Daily Trojan

USG 2022 Voter Guide


Three tickets — one traditional and two write-in — are vying for the Undergraduate Student Government president and vice president roles for the 2022 election cycle. In this year’s voters guide, presidential candidates shared their platform points through individual interviews with the Daily Trojan, with plans ranging from abolishing Greek Life, optimizing the campus experience and prioritizing student involvement within student government.


Kyle Valdes and Safal Mengi’s campaign goal is simple: Create the best USC experience for each individual.

Valdes and Mengi, whose campaign slogan looks to create an environment “for a real SC,” plan to bring a new approach to Undergraduate Student Government.

“We are all about change rather than fancy words that will just get the middle ground vote, because we actually are willing to talk about the hard-hitting topics,” said Valdes, a junior majoring in business administration.

Hearing all voices from around USC is integral to the Valdes-Mengi campaign maintaining accountability and creating the optimal USC experience.

“We want our cabinet to consist of BIPOC [Black and Indigenous people and people of color], people that have different views of our campus, people that will challenge us,” said Mengi, a junior majoring in real estate development.

The Valdes-Mengi ticket also aims to extend the Fryft zone, enhance school spirit through events such as the burning of the Bruin and promote equal treatment of spring admits.

“A lot of our platform, just to sum it up honestly, is about making our students' lives easier on and off campus,” Mengi said. “We want changes that people can actually see.”


For Hannah Woodworth and Nivea Krishnan, prioritizing student equity and perspectives is the driving force behind their platform, “YourSC.” Their mission focuses on accountability, advocacy and accessibility but, more generally, they look to create a more open approach to leadership.

“That’s the whole point of our campaign,” said Woodworth, a junior majoring in journalism. “We want to be as inclusive of the entire University as possible.”

Woodworth, who serves as Undergraduate Student Government executive aid for president Alexis Areias, said she feels attuned to the position’s demands, while Krishnan, a senator serving on various committees, said she feels prepared for the vice president role.

“I’ve learned a lot about what a viable strategy for advocacy is and it’s a lot about reaching out to student organizations that are already doing the work and trying to connect with them and support their efforts,” said Krishnan, a sophomore majoring in public policy and economics.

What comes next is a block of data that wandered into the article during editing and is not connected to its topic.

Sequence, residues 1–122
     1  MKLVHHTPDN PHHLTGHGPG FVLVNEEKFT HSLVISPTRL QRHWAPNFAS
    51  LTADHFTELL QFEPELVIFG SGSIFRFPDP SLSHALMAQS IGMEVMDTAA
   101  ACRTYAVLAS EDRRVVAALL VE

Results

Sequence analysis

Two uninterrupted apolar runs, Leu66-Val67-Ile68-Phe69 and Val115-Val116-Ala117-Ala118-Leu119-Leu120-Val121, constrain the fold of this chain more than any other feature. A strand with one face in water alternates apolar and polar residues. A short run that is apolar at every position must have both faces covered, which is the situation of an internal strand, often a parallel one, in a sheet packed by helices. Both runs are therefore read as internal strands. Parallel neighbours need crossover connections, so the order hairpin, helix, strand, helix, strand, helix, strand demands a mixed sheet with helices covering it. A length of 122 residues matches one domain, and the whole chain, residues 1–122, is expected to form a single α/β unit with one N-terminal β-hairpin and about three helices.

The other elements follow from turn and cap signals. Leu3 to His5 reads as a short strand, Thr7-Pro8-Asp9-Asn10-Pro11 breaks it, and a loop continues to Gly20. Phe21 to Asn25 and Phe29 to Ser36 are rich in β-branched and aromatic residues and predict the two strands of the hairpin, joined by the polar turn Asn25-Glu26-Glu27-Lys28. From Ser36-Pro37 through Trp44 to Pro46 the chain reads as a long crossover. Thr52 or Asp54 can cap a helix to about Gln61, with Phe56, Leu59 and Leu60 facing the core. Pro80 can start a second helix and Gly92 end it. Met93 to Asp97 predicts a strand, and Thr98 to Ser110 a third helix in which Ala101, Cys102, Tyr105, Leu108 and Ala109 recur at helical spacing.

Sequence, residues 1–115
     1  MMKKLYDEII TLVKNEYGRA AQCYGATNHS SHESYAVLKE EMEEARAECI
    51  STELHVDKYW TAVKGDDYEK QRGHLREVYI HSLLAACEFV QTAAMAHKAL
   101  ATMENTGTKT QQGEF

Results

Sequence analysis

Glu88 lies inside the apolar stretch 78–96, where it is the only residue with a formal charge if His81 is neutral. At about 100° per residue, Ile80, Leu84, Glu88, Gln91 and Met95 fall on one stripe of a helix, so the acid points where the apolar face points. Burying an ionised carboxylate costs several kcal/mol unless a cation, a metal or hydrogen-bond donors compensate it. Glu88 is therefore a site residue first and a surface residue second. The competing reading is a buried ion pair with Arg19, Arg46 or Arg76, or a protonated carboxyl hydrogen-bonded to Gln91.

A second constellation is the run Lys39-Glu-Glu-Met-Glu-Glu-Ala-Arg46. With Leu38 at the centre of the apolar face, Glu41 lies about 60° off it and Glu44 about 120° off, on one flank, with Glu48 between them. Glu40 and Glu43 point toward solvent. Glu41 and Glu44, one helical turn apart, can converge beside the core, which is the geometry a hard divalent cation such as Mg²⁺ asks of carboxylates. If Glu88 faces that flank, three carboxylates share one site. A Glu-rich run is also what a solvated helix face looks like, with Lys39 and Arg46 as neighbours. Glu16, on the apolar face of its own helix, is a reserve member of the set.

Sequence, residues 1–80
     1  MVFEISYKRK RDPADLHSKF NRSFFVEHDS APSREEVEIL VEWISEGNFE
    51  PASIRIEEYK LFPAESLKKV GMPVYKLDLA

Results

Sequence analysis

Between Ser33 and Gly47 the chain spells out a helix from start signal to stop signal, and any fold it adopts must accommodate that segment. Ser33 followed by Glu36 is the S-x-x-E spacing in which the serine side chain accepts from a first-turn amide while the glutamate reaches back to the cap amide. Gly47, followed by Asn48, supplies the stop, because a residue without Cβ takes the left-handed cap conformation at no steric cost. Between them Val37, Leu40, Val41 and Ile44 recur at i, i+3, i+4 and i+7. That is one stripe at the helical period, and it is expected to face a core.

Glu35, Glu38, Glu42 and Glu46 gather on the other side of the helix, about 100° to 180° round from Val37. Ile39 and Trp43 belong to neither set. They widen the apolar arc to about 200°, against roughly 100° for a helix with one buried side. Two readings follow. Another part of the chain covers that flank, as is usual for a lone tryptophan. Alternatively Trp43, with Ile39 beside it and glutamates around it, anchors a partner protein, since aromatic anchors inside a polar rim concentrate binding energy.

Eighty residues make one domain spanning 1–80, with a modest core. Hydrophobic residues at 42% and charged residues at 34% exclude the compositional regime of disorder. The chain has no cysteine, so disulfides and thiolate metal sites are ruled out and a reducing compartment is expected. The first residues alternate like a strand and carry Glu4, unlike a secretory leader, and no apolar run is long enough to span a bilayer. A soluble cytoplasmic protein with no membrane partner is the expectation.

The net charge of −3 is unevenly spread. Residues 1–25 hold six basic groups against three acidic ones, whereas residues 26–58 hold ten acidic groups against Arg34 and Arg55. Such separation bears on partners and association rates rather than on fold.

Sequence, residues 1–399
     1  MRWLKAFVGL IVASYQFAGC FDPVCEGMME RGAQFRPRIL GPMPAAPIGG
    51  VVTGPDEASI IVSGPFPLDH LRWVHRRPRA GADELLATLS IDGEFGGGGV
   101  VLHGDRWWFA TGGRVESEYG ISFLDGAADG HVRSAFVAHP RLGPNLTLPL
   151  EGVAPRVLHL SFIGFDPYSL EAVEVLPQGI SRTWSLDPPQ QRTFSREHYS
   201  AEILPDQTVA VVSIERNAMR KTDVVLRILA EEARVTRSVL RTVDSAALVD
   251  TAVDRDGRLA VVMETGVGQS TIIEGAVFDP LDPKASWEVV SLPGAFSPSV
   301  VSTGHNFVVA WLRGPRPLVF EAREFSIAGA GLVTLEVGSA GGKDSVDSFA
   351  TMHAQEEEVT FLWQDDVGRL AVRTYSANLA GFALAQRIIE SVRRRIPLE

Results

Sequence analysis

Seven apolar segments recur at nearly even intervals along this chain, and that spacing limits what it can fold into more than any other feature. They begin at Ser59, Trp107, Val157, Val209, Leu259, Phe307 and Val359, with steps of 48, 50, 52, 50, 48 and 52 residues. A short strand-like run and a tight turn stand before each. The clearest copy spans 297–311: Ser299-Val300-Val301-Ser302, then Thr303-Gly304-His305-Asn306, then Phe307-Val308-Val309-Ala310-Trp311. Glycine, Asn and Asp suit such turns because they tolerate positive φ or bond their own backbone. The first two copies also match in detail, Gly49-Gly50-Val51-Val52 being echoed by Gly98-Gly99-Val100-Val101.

The candidate duo wish to also maintain a strong relationship with the Office of Student Accessibility Services, and listen to various organizations perspectives.

The candidate duo wish to also maintain a strong relationship with the Office of Student Accessibility Services, and carry out a means to listen to various organizations perspectives and input.

“We are both very involved in USG now ... That does not mean that we don’t see the flaws within the system. We are very aware of ways that USG needs to improve, especially with regards to transparency.”

Correction: A previous version of this article misstated Hannah Woodworth and Nivea Krishnan's platform to prioritize "student equality" instead of "student equity." The Daily Trojan regrets this error.


President and vice president ticket Rachel Lee and Collin Colson are combining satire and sincerity for their platform based on abolishing Greek life and defunding the Department of Public Safety.

“We are simultaneously actually challenging [the Undergraduate Student Government] to be better,” said Lee, a junior majoring in philosophy, politics and law.

Both candidates were motivated by what they saw as an ineffectual student government. Lee and Colson, the latter a sophomore majoring in writing for screen and television, said they believe their lack of experience in student government gives them an objective view of USG.

Regarding their plans for abolishing Greek life, Lee said they would take the same actions the University took to suspend Sigma Nu last semester and suspend all fraternities and sororities permanently.

The ticket’s other campaign promise includes allocating DPS’s $50 million annual budget towards unhoused individuals that live near USC’s campus.

“DPS is mostly a symbolic human barrier between the students of USC and the inhabitants of South Central,” Lee said. “I think that we can allocate millions of dollars to homeless shelters around the area and think about hiring social workers instead to respond to calls of distress rather than having a police affiliated organization to ‘enforce justice.’”

Correction: A previous version of this article misstated Collin Colson's major as "philosophy, politics and law" instead of "writing for screen and television." The Daily Trojan regrets this error.